Industrial production rose 1.0 percent in July after having edged down 0.1 percent in June, and manufacturing output moved up 1.1 percent in July after having fallen 0.5 percent in June. A large contributor to the jump in manufacturing output in July was an increase of nearly 10 percent in the production of motor vehicles and parts; even so, manufacturing production excluding motor vehicles and parts advanced 0.6 percent.
The production of consumer goods moved up 1.1 percent, as the output of consumer durables jumped 4.9 percent: Production for all of its major components advanced. In addition to a gain of 8.8 percent in the output of automotive products, which was mainly due to a large increase in light truck assemblies, the indexes for home electronics and for miscellaneous goods increased 1.3 and 1.5 percent, respectively; the index for appliances, furniture, and carpeting moved up 0.5 percent.
Among components of consumer nondurables, the output of non-energy nondurables declined 0.2 percent, and the output of consumer energy products moved up
by ilene - May 25th, 2010 4:11 pm
Courtesy of The Pragmatic Capitalist
Via David Rosenberg at Gluskin Sheff:
1. The ECRI weekly leading index growth rate peaked on October 9, 2009 (at 28.54%; now at 9.0%).
2. The Conference Board’s LEI peaked at 109.4 in March (109.3 in April).
3. ISM orders/inventory ratio peaked at 1.805 in August 2009 (1.33 in April).
4. University of Michigan consumer expectations peaked on September 2009 (at 73.5) – now at 65.3 in May.
5. The UofM index of big-ticket consumer purchases peaked in February-March at 136; is down to 129 as of May.
6. Jobless claims bottomed at 442k on March 11. They had peaked at 651k on March 28, 2009. But they are back at 471k, which is where they were back on December 19, 2009 so the improvement has stalled out. Not only that, but to keep 472k into perspective, claims were at 453k the week after 9/11 (and the economy back then was eight months into recession). Yes, yes, employment has been rising of late; however, keep in mind that nonfarm payrolls are in the index of coincident indicators; claims are in the index of leading indicators. Please let’s not drive looking through the rear window.
7. Single-family building permits peaked at 542k (annual rate) in March (were 484k in April).
8. Mortgage purchase applications peaked on April 30th at 291.3 and now are at a 13-year low of 192.1 even though mortgage rates have come down 20 basis points since the nearby high.
9. Auto production peaked at 7.8 million units (seasonally adjusted annual rate) in January – was at 7.2 million in April.
10. Electrical utility output was down 0.1% YoY as of May 15th. Could be another early sign that the production revival is behind us.
Source: Gluskin Sheff
by ilene - February 26th, 2010 2:34 pm
Courtesy of Mish
I have been speaking with Rick Davis at the Consumer Metrics Institute about leading economic indicators. Davis claims his data leads the GDP by about 17 weeks while noting that other so-called "leading indicators" are merely a reflection on the stock market and yield curve.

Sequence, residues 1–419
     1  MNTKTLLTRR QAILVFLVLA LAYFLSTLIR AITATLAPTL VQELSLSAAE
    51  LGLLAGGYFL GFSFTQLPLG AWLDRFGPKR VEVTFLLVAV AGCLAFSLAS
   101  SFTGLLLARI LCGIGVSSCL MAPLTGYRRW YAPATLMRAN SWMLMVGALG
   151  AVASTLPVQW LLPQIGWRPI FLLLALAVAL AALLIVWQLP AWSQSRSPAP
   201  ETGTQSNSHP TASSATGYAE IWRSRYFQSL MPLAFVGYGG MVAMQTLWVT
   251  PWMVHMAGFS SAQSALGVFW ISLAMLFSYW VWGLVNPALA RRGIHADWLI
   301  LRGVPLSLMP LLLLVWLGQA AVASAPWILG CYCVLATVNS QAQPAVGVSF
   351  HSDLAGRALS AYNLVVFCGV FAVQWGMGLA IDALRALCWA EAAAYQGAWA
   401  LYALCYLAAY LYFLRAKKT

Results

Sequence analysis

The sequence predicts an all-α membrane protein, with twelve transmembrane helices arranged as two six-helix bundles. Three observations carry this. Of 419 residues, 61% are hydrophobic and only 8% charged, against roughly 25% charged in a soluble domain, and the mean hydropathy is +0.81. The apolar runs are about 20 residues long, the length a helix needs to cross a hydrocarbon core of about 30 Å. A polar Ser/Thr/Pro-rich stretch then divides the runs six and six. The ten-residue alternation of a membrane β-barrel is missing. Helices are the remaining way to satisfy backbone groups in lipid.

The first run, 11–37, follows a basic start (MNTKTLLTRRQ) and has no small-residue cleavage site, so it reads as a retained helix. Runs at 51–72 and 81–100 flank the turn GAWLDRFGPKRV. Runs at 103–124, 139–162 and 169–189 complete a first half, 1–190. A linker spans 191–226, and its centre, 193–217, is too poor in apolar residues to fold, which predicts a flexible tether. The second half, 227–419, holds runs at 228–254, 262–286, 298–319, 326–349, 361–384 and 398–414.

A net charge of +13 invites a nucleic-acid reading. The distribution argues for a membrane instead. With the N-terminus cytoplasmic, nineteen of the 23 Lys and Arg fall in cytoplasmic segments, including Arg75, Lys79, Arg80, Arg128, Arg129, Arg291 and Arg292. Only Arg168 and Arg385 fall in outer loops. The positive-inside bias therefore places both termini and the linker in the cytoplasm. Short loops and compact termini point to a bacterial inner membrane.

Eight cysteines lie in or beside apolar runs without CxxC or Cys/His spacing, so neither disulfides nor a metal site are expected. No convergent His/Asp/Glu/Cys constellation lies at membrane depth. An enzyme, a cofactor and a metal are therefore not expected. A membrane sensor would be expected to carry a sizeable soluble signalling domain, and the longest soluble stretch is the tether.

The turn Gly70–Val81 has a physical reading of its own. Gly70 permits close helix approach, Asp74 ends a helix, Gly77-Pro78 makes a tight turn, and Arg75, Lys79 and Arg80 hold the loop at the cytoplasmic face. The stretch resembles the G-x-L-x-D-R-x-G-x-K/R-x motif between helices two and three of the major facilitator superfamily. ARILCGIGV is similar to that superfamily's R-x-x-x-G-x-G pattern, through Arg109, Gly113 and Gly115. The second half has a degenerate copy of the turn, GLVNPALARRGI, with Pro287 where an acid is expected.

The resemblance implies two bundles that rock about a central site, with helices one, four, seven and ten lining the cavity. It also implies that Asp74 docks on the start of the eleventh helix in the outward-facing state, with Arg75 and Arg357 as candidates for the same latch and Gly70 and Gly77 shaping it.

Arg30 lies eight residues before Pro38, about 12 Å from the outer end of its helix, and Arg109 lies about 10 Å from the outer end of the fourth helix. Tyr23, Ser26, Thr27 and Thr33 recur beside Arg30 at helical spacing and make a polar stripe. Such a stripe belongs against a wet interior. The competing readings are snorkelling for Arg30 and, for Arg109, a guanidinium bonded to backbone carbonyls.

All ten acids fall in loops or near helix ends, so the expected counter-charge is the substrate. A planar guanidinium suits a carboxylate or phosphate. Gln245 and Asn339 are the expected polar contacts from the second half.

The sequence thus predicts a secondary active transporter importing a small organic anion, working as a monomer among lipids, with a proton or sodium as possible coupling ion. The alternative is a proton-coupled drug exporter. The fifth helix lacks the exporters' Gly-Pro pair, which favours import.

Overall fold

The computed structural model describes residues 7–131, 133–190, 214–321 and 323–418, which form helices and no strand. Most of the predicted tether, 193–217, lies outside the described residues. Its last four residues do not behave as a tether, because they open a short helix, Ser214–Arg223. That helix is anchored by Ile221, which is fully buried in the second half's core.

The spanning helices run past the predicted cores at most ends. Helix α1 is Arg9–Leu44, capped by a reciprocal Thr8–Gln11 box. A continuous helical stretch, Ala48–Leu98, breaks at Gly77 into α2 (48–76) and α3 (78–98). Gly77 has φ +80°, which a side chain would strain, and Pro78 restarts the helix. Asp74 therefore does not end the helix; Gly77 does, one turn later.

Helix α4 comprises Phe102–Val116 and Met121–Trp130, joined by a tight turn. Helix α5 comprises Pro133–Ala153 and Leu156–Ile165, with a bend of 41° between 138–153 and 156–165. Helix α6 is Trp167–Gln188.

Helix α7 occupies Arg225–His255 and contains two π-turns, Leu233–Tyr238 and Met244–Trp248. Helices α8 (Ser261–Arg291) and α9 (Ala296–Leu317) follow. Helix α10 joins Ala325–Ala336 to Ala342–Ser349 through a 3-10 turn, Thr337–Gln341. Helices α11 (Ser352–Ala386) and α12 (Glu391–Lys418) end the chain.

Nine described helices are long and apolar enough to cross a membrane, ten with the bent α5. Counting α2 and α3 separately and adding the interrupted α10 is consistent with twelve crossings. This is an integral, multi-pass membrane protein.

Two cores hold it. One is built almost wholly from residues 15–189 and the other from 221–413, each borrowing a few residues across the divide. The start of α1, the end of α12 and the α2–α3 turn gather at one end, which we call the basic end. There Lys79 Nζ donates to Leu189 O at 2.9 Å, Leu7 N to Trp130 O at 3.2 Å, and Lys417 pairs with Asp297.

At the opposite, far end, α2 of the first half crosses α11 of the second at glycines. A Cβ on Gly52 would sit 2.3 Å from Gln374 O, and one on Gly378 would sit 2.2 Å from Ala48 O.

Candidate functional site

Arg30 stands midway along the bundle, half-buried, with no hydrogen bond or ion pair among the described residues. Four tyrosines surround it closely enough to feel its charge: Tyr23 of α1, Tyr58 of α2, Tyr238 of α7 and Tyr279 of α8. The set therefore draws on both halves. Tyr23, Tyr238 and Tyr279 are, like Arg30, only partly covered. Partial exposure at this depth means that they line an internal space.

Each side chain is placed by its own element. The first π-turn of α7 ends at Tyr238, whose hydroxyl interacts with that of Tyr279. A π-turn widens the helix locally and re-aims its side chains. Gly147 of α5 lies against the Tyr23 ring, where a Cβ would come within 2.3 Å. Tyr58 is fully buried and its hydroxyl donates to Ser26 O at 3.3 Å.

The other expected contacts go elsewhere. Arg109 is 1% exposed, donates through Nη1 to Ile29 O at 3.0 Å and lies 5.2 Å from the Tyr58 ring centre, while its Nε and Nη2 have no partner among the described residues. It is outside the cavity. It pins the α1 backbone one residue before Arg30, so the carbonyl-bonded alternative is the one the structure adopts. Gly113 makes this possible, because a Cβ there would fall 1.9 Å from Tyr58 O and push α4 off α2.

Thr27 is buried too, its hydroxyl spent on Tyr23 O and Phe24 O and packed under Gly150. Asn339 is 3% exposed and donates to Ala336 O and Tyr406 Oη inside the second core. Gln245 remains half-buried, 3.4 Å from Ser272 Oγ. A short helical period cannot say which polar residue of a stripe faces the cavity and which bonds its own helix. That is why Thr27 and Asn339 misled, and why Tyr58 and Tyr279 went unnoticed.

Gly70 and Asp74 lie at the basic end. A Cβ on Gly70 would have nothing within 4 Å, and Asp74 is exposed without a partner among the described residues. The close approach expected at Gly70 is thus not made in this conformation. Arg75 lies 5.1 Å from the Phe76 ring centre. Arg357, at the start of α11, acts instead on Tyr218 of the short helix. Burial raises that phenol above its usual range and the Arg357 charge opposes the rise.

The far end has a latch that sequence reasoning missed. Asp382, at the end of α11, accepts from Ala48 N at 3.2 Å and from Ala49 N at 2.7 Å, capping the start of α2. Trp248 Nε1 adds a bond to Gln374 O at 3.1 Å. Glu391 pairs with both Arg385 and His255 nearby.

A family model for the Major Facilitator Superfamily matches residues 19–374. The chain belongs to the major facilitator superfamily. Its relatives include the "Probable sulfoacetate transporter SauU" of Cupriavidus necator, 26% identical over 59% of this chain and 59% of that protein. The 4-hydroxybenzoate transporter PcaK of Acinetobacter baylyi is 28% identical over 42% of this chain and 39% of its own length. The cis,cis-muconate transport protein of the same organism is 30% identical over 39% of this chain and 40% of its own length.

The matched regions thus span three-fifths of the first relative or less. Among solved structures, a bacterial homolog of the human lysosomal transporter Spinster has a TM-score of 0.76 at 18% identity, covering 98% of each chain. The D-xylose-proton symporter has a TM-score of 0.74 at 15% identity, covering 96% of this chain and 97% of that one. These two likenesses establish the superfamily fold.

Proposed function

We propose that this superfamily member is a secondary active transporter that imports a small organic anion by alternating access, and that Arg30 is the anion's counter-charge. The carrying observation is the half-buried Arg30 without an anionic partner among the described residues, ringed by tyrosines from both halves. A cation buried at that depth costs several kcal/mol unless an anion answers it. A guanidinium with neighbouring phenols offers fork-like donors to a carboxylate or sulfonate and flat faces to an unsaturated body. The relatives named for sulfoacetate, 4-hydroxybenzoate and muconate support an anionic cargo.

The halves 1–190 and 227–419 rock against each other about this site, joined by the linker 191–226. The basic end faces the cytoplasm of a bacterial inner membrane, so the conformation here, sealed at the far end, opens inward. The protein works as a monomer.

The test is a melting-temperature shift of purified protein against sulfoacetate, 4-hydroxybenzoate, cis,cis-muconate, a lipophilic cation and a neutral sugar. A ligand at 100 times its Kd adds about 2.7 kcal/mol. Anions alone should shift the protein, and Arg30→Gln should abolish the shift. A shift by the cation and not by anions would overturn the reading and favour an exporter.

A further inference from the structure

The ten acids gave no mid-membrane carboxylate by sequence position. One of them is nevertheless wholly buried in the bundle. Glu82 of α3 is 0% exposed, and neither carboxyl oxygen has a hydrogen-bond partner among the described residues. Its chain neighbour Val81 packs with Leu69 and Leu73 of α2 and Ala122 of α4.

Davis captures his data solely from online transactions of real consumers, in real time.
Here are a four charts. The first chart shows the Consumer Conference Board LEI, not the Consumer Metrics Index.
Consumer Conference Board LEI vs. S&P 500
Is the conference board LEI really leading anything or is it merely a reflection of the stock market? A look at the actual values of the LEI and the S&P 500 over the last four years confirms the indicator is really a coincident indicator for the equity markets, published once a month, three weeks in arrears.
Weighted Composite Index (WCI) vs. S&P 500
The above chart shows the Consumer Metrics Weighted Composite Index (WCI) vs. the S&P 500 Index. Watch what happens when the above data is offset by 5 months.
WCI vs. S&P 500 Shifted 5 Months
The Consumer Metrics website shows most of the WCI components advancing. However, housing and consumer spending account for roughly 60% of the index and those are contracting.
It is hard to make a case on the basis of so little data, but at least since 2006 we see evidence of actual leading.
However, the stock market does not always follow the economy nor is the stock market a leading indicator of the economy.
Please see Is the Stock Market a Leading Indicator? for a discussion.
Thus, as interesting as the above chart may be, I would not recommend using Consumer Metrics Data to project stock market movements. However, when a stock market is as lofty as this one, and a recovery is priced in that is not likely to happen, I would expect the stock market to decline if the economy tanks.
Daily Growth Index (DGI) vs. BEA GDP
The above chart shows Consumer Metrics Daily Growth Index (DGI) plotted against GDP.
According to Davis the DGI is 91-Day moving average of the WCI that corresponds to a trailing ‘quarter’, and is translated from a 100-base number into a +/- percentage. For example 99 on the WCI would roughly correspond…